Kevin Saftner said he can’t fix complaints about noise at his iconic music venue if he doesn’t know who is making them.
The area’s newest brewery is being run by one of its most veteran brewers.
Mark Davis, who for 20 years brewed at Pittsburgh Brewing Co. when it was annually cranking out a million barrels of Iron City and other beer from Lawrenceville, has fired up a little seven-barrel brewery at his Pittsburgh Bottleshop Cafe in Collier.
“I want to get back to my roots,” he says with a grin.
When he opened it in the spring of 2005, he said he planned to brew small batches there. But he didn’t start building a brewhouse until this spring. This weekend, he unveils it and three of the first house beers — an India pale ale, a double IPA and a blonde — that customers get to help name.
That’s part of the fun of this weekend’s grand opening. Brewery tours will be offered Friday, Saturday and Sunday. Whether they can sell the beer for it depends on state Liquor Control Board approval, which hadn’t come through Monday.
Mr. Davis’ longtime general manager Erik Grieco is brewing with him. Their goal is to slake customers’ thirst for draft beer, which has become more popular than bottled or canned.
“We’re filling demand here,” said Mr. Grieco as he gave a tour of the tanks, which are set up on the right side of the restaurant, where a big bottle cooler and two tables used to be. They also had to take out the food cooler and build a new one out back. The numbers of different bottled beers, once about 400, is now about 100, which still is a lot. The name has been updated to Pittsburgh Bottleshop and Brewhouse.
The brewing space is open to the rest of the restaurant, only to be separated, per state liquor laws, by a low wall that is to be made of glass.
“People want to see everything,” said Mr. Davis, who noted that the setup is costing about $400,000. But he’s betting that customers will be eager to empty the three fermenters that are piped directly to three of the bar’s 30 beer taps.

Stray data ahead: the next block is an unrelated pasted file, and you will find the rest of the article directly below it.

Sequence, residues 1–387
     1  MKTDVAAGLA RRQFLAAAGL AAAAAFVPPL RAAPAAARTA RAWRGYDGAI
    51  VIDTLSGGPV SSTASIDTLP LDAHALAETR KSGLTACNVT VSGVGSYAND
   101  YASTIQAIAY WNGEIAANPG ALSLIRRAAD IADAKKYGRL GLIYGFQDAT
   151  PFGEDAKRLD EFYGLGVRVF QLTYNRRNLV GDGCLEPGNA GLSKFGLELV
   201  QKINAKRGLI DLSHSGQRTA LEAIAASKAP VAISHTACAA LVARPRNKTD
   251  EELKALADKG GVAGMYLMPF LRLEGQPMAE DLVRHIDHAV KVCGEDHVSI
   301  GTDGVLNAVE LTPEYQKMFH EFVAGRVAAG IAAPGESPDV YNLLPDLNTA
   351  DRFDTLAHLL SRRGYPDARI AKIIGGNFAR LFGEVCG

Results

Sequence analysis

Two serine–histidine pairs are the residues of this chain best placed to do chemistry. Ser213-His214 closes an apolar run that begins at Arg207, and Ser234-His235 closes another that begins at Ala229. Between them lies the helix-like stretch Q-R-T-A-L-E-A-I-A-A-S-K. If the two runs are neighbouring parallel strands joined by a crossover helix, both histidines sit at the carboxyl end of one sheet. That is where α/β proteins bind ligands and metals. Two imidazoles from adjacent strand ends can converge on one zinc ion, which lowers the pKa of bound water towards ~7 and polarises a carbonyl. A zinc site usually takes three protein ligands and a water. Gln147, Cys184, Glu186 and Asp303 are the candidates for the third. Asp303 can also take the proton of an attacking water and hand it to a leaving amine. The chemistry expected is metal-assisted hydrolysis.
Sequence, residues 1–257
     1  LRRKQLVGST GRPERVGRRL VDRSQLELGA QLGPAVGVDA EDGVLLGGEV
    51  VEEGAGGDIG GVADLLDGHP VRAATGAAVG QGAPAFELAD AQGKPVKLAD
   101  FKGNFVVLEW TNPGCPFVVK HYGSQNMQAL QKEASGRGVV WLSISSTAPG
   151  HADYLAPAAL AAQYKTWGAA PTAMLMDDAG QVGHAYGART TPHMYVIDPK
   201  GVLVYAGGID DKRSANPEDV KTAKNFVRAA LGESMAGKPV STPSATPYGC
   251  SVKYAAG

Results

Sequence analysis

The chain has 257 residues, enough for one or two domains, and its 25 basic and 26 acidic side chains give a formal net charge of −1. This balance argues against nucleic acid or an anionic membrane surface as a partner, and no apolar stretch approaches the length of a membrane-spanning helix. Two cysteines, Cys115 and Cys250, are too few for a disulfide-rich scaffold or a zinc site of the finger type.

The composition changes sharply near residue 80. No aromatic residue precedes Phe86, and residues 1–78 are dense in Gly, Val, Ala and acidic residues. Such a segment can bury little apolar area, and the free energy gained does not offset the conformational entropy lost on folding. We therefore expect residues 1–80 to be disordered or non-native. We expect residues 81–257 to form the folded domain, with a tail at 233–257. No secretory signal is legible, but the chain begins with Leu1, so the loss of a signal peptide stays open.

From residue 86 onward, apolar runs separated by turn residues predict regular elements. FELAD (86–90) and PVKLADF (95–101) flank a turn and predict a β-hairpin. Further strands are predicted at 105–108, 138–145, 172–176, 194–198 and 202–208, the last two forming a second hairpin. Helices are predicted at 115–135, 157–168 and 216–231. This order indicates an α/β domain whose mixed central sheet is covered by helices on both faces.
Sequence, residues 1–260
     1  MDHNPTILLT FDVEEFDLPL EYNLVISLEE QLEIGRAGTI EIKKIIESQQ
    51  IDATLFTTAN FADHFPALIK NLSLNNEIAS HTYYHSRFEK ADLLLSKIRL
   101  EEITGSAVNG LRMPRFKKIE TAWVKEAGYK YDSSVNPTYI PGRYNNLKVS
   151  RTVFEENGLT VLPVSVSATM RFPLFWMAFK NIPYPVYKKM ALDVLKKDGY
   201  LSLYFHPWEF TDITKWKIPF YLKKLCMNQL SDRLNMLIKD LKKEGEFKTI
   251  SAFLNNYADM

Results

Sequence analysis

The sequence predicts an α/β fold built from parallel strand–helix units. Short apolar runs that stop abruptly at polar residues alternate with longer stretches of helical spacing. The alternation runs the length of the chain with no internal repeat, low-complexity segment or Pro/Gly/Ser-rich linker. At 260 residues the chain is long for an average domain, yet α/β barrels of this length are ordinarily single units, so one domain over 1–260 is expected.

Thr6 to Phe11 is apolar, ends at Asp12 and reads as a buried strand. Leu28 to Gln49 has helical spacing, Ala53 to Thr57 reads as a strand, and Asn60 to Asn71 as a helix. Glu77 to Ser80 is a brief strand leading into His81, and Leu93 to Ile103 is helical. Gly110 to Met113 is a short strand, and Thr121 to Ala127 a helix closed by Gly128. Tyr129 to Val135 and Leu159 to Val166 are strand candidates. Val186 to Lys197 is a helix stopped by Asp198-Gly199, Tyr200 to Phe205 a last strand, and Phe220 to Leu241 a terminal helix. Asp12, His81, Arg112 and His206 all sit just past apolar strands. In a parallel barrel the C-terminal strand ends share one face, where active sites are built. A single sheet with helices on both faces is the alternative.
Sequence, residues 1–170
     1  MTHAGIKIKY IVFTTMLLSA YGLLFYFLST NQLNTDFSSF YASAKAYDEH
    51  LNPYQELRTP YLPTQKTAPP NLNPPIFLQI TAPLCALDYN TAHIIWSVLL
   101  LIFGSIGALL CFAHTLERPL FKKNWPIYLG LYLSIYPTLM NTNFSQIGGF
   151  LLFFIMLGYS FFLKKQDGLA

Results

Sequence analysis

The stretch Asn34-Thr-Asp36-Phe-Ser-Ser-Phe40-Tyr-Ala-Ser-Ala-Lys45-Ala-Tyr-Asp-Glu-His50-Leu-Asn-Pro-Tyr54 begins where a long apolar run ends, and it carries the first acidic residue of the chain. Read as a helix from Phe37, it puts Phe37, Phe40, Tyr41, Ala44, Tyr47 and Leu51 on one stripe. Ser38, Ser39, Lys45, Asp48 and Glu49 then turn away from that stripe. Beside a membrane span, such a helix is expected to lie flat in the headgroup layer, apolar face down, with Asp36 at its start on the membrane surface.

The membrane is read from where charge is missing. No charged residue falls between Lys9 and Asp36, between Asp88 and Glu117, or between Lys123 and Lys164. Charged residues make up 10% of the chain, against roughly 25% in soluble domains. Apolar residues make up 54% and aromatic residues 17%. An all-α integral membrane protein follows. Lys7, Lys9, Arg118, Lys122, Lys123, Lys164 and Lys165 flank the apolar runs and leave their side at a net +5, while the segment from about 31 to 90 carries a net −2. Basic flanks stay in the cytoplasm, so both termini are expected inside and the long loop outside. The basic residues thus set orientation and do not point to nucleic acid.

He’s certainly got street cred from his days at Pittsburgh Brewing, when he made so many different brews, including the early versions of craft beers including Samuel Adams and Penn.
Mr. Grieco is a homebrewer and former industrial engineer who is having fun learning this bigger system, while Mr. Davis learns a much smaller one, and learns to do ales instead of lagers.
“The best beer I’ve ever made,” Mr. Davis says, noting in an aside that others back him up, “was I.C. Golden Lager,” first made in the mid-1980s with Bavarian Hallertau hops that became hard to get for a time.
“What I’d like to do is match it here,” he says.
Mr. Grieco says that, once they get their three main beers established, they will experiment with others, including stouts and porters, and he’s got a bourbon barrel at the ready for aging some beer. They’re also planning to do collaboration brews with other brewers, who have been helpful during the past year and half that this project has taken.
“Everybody has been so nice,” Mr. Grieco says. “What you hear about the Pittsburgh brewing scene is true.”
How do they differentiate themselves from all the breweries that have popped up, including several only a few miles away? They’re both confident that if they keep serving good food with good beer, including their stuff fresh from the tanks, they’ll do fine. As Mr. Grieco puts it, “I absolutely expect this to fly.”
While they’re taking customer nominations to name the beer, there’s also a customer ballot that will determine whether one of them will be named for sports media personalities Ron Cook or Mark Madden.
The place is located at 1597 Washington Pike, Bridgeville, PA 15017. The website is bottleshopcafe.com.
Also on the scene